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14 April 2024

High oil prices to stifle Gulf crude output in long term

By Nadim Kawach


Gulf oil heavyweights are reaping the fruits of strong oil prices in the short term but their crude production could plunge by at least 12 million barrels per day in the long term, according to an official US report.

In case oil prices remain above $90 a barrel, the crude oil output of the UAE and neighbouring Gulf producers could be as low as 27.5 million bpd in 2030 but could be as high as 40.9 million bpd in case of low oil prices of around $34 a barrel, said the report by the Energy Information Administration (EIA) of the US Department of Energy.

Although high oil prices will bring enough funds for Gulf states to invest in capacity expansions, they could encourage investments in the oil sector in other regions and at the same time depress demand in the long run.

In such a scenario, Gulf states could be forced to cut investment in capacity projects to pave the way for other producers and this will naturally depress their actual production, EIA said in its 2007 International Energy Outlook.

A breakdown showed the UAE could produce only around 3.7 million bpd in 2030 in the high oil price scenario but could pump as much as 5.7 million bpd in the low oil price case and fully utilise its heavy investment in capacity expansion.

Saudi Arabia, the world’s oil powerhouse, is projected to produce only near its current capacity of 11.6 million in 2030, if oil prices remain high but its output could soar to around 16.4 million bpd in case of low crude prices.

Kuwait, another Gulf Opec producer, is expected to pump nearly 3.1 million bpd in the high price case and as high as 6.2 million bpd in the low price case. Iran’s output was forecast at around 3.8 million bpd in the high price scenario and 5.8 million bpd in the low price scenario.

Qatar, a relatively small Gulf oil power, could produce around 1.3 million bpd in high oil prices and nearly two million bpd in low oil prices. War-battered Iraq, whose energy sector has been badly damaged by conflicts, is projected to produce around four million bpd in the high oil price scenario and as high as 6.2 million bpd in the low oil price case.

EIA’s forecasts also included the reference case, involving an average $57 price, in the long term. In such a scenario, the combined production of those six Gulf states could climb to around 37.5 million bpd. The six countries currently produce about 21 million bpd, nearly a quarter of the world’s total oil supplies. But their proven deposits of around 720 billion barrels account for two thirds of the global extractable crude resources.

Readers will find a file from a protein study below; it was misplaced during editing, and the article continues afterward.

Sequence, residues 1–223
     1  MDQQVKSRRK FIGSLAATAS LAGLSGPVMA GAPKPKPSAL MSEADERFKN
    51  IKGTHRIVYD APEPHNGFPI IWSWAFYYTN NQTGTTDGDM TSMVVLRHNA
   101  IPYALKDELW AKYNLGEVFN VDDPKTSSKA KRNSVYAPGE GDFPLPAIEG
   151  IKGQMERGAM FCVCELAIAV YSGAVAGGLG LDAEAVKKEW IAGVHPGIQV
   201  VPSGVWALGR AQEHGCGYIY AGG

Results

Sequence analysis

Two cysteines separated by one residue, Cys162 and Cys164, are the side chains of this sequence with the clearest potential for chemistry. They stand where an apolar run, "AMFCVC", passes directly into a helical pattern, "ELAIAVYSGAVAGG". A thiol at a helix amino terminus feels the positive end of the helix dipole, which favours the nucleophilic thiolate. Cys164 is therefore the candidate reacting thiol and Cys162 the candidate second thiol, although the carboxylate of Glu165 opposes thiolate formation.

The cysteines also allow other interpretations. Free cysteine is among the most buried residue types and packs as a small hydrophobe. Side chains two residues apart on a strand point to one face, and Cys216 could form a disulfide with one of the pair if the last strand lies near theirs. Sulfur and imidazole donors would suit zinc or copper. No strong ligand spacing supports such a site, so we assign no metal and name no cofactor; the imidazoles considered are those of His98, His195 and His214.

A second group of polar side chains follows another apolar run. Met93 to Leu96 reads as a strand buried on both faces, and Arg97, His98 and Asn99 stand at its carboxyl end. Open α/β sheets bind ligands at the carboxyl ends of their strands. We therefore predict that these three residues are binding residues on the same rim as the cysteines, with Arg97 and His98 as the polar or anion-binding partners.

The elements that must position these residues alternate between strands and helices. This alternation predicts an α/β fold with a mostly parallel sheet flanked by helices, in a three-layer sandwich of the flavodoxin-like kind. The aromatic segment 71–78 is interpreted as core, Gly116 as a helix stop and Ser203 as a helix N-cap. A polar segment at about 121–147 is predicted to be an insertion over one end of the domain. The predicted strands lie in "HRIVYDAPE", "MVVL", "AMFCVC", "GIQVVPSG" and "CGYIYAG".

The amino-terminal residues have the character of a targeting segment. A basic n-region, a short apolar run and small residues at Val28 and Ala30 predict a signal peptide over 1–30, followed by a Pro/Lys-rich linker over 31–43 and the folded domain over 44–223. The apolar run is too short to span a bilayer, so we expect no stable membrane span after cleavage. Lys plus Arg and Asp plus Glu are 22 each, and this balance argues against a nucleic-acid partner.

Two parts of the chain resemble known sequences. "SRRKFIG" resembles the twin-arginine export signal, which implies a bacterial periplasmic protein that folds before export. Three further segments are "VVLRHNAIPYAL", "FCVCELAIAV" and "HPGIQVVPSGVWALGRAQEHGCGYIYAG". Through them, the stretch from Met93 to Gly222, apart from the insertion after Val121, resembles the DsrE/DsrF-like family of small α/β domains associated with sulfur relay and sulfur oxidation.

High oil prices over the past three years have sharply boosted the income of the six producers and allowed them to wipe out painful fiscal deficits that had accumulated over the previous decade because of low crude prices.

Compared to their revenues in 1998, their income jumped more than five times in 2007 and is expected to remain high in 2008.

From $33 billion (Dh121bn) in 1998, Saudi Arabia’s earnings shot up to $170bn (Dh623bn) while those of the UAE rocketed from only $10bn (Dh36.7bn) to $57bn (Dh209bn). They jumped from $8bn (Dh29.4bn) to $52bn (Dh190bn) in Kuwait, from $11bn (Dh40.37bn) to $54bn (Dh198bn) in Iran, from $7bn (Dh25.6bn) to $38bn (Dh139bn) in Iraq and from $3bn (Dh11bn) to $18bn (Dh66bn) in Qatar.

The six countries have been locked in a massive programme to boost their crude output capacity to cope with their growing market share.

According to the London-based Centre for Global Energy Studies (CGES), which is owned by former Saudi oil minister Sheikh Ahmed Zaki Al Yamani, Saudi Arabia could invest around $11bn (Dh40.37bn) to add nearly three million bpd to its 2004 capacity until 2020.

The relatively low investments are due to the fact the cost of adding one barrel of oil to capacity in Saudi Arabia is the cheapest in the world, standing at only $3,500 (Dh12,845) compared with as high as $9,000 (Dh33,030) in Venezuela, $8,000 (Dh29,360) in Indonesia and more than $10,000 (Dh36,700) in some non-Opec regions.

The report put investments in the UAE at $11bn (Dh40.37bn) for an addition of two million bpd until 2020.

3.7m bpd

will be the output of the UAE in 2030 in the high price scenario but the region could pump as much 5.7m bpd in the low price case, and utilise investments in capacity expansion.